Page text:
Still smelling petrol we decide to stop and check again and this time we see what's wrong; one jerrycan is leaking petrol all onto Boris and our former bed! We pour what's left of the petrol in Boris and the other jerrycan and try to clear up as best we can with water and toilet paper in the dark next to the motorway on the hard shoulder. We are now down to 1 jerrycan. At this rate we think we can probably fit everything we end up with at the finish in two hold luggage suitcases!
Just passed a toll road and have noticed Boris is making more noise than usual. His left rear is squicking like an old fashioned bed when we go over bumps and is kind of rattling in between the back wheels. And since we have made Boris lighter he is much more agile and half the time it feels more like gliding on snow or drifting than driving. Not sure if this is a good thing or bad thing.. Comments are welcome and you can reach us best through SMS ( wifi is a luxury not all counties have ).
After a brief night sleep we wake up on the side of a freeway again. Yesterday we drove in the night until we were tired and could not go any further. We've asked our car mechanics on call, Berry and Jeroen, for advice on what to do about our deceased, rear shock absorbers and they both replied that we could continue our journey with them being broken which was a huge relief. If we would be able to smile at this point we would. But we need to wake up first.
We get pulled over by the police due to speeding. Sadly this was the case; Tom, how was driving, said he saw the 50km sign but carried on driving 70km per hour. The cost, a whopping $200 which we did not intend on paying because we didn't have. We were planning on getting more dollars out in Biskek or Almaty and just had enough to make it to there. Saskia insists that we are not paying it even though they have Toms driving license and Tom is able to half the fine which we pay on the spot. Our journey is continued in less good spirits.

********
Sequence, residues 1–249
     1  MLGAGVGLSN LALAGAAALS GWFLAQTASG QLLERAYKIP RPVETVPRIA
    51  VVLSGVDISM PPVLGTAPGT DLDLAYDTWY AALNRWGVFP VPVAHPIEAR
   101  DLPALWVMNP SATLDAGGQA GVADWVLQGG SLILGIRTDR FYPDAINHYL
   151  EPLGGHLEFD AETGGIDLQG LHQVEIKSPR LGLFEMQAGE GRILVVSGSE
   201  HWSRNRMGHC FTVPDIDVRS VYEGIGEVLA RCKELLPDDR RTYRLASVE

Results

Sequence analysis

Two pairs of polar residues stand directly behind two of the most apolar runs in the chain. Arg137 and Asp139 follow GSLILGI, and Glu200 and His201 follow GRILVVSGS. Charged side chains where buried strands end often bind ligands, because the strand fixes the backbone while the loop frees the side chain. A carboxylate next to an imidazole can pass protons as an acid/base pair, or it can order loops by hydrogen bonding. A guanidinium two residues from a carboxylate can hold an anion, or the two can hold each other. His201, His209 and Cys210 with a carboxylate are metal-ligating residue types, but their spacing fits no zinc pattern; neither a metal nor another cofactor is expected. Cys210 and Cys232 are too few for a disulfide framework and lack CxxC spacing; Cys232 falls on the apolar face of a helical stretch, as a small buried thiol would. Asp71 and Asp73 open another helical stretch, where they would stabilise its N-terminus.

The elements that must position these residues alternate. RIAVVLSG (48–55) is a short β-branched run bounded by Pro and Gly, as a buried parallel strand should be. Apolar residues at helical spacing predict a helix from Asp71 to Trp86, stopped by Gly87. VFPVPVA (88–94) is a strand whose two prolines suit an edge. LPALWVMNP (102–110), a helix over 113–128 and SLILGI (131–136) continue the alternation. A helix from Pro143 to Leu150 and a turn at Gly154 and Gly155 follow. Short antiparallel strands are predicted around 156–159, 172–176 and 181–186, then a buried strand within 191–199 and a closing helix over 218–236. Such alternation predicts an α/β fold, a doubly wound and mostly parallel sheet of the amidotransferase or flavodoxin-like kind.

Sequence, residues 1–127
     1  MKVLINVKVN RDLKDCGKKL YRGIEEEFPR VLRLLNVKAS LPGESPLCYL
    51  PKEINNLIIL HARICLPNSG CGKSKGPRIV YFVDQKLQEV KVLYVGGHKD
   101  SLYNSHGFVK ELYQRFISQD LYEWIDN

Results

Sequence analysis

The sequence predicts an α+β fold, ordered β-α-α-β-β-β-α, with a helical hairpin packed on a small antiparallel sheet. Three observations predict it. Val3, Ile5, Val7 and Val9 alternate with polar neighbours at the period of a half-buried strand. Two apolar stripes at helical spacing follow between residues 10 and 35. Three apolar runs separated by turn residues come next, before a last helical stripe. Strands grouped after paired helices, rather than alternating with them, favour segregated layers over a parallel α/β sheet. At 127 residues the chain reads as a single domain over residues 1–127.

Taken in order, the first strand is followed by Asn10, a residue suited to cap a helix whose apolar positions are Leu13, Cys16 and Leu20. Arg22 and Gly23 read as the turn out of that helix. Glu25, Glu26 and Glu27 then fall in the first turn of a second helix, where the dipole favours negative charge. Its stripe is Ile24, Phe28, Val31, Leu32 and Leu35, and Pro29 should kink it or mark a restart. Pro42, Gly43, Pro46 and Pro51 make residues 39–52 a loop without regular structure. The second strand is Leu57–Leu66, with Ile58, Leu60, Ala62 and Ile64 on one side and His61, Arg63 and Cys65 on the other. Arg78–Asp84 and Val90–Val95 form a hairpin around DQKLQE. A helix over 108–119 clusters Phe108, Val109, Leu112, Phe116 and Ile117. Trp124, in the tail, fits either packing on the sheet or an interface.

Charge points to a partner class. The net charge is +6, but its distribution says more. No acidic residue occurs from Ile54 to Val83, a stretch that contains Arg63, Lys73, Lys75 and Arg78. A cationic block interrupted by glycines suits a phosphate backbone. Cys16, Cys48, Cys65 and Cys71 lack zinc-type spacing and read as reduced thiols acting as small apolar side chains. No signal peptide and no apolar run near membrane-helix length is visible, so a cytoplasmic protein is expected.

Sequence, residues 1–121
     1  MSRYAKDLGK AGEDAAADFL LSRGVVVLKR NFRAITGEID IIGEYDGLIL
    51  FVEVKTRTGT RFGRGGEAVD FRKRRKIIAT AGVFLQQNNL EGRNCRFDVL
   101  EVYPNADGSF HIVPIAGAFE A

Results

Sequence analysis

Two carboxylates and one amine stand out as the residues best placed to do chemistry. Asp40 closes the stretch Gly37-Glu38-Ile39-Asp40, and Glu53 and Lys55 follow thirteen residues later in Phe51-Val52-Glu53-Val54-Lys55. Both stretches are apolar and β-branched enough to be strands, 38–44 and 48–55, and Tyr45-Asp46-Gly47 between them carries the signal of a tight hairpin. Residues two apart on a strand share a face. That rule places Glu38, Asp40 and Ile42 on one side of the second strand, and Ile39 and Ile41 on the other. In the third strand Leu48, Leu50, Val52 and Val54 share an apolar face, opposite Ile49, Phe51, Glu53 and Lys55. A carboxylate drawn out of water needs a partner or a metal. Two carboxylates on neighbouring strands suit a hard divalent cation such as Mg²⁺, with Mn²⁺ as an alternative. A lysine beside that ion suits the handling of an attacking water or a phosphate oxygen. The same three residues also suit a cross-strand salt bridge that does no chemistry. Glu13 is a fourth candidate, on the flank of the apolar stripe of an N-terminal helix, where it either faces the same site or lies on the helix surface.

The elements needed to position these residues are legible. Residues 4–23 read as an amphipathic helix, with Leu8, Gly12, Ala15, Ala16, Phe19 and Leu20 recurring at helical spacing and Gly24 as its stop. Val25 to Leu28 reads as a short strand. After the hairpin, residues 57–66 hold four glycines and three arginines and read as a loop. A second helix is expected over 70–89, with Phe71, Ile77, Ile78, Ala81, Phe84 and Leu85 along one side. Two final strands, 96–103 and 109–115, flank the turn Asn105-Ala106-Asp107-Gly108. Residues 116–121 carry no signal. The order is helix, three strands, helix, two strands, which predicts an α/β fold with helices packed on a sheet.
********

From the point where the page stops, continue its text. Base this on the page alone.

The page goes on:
An approaching car signals us and we see another police set up for speeding ! Luckily we were not driving too fast.
Another police set up for speeding!
And another! We are really cautious now, unbelievable but feel that now we must have already had our bad luck for the rest of the day.
Bought some bread and honey from stalls at the side of the road for breakfast. Also noticed that the Mosques are a bit different than usual. The round ceiling and minarets are similar to regular mosques only not so high and remind us of a Rubix Cube but it is the building that astonished us; it looked like a barn. Maybe that's why there are so unbelievably many horses in this country.. They can practice their religion in the same building as their keepers.
We lost count of the cops on the side of the road. But we get stopped by a cop again. He claims we did not have our lights on and that that is mandatory in this country so the same story; he either takes your license or we pay the fine right here. 500 somoni it is.
Made it to the border, just a quick fine for not stopping at a stop sign and we are almost out of the country. Tom goes on foot, Saskia takes Boris. After Toms passport is checked he is now standing in a 100 meter long line with almost 400 people in front of him. This can take a while.